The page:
An unprecedented exodus of refugees fleeing abusive conditions—mainly from Syria and Iraq—has arrived on Europe’s doorstep in recent weeks. The world’s conscience has been gripped by images of fathers climbing border fences with children in their arms, overloaded ships sinking in the Mediterranean, and the body of a 3-year-old Syrian boy washed up on the Turkish coastline. The refugee crisis is a global issue, and Germany is leading it.
Taking in 800,000 refugees this year, Germany’s prime minister Angela Merkel has urged other nations to generously open up their borders. The U.S. committed to 1.25 percent of that amount (10,000 refugees). However, Germans are divided. While many have embraced the refugees with open arms, others fear that this move not only puts at risk Germany’s economy and security but also the survival of its culture and traditions.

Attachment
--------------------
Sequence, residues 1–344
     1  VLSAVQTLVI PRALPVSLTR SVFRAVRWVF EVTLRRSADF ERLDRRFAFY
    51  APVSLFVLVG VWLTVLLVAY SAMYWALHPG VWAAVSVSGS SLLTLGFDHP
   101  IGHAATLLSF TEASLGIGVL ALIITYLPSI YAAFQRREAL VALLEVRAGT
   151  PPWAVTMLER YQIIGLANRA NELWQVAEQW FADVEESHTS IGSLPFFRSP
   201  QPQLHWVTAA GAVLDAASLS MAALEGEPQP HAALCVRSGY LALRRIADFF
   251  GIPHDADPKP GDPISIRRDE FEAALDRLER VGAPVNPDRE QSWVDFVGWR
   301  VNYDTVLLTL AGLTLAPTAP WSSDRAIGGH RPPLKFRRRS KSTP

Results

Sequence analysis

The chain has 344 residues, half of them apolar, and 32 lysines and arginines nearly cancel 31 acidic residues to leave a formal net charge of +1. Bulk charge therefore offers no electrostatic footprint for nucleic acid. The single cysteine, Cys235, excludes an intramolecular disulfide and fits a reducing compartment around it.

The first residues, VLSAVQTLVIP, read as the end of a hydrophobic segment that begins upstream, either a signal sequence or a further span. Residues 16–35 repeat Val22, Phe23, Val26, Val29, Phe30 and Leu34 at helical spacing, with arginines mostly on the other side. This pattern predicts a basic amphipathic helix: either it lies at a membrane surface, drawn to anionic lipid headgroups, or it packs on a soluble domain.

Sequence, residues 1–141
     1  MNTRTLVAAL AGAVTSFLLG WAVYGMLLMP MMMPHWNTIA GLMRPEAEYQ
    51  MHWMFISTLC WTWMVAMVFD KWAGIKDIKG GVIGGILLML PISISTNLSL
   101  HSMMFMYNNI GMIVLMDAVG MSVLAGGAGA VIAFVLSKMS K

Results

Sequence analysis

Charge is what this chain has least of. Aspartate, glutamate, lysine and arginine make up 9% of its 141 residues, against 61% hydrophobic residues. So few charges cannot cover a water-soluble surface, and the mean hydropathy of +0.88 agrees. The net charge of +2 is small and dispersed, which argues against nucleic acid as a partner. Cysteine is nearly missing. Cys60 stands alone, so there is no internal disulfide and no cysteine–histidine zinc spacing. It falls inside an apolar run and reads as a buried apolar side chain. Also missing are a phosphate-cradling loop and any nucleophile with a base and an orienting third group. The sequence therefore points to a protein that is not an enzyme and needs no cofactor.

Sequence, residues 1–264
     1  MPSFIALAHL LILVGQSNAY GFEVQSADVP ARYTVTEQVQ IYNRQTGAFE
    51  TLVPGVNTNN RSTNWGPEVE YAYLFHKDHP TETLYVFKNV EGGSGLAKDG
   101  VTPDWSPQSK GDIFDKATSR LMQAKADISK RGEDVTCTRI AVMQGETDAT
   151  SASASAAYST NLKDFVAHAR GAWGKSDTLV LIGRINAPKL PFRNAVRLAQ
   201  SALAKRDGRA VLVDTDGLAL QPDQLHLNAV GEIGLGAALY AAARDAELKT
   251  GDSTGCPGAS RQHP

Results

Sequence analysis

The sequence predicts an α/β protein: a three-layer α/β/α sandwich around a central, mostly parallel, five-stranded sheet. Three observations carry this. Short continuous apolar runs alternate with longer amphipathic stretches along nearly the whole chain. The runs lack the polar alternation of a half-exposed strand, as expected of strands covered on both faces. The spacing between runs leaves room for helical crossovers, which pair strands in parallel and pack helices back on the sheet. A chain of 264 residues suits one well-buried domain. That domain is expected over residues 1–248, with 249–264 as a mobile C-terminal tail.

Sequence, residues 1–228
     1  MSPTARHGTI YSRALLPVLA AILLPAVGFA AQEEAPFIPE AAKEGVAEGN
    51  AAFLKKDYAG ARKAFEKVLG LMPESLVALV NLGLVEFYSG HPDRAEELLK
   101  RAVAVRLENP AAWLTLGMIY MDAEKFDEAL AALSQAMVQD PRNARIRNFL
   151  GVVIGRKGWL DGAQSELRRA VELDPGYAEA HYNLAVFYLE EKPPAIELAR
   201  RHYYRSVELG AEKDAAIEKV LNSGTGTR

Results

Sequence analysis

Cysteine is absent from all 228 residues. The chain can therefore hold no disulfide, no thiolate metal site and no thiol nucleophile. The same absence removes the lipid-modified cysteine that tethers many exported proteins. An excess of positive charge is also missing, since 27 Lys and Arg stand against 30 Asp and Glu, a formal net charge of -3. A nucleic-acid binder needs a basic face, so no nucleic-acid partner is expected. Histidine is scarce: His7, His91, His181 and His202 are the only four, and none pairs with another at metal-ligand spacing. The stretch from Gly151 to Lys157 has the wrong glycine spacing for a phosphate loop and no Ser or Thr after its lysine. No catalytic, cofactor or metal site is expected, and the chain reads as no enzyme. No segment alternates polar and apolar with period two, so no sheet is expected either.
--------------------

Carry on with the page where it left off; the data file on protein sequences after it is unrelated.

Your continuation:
Events like the refugee crisis weigh heavy on the minds and hearts of German Christians. While ...1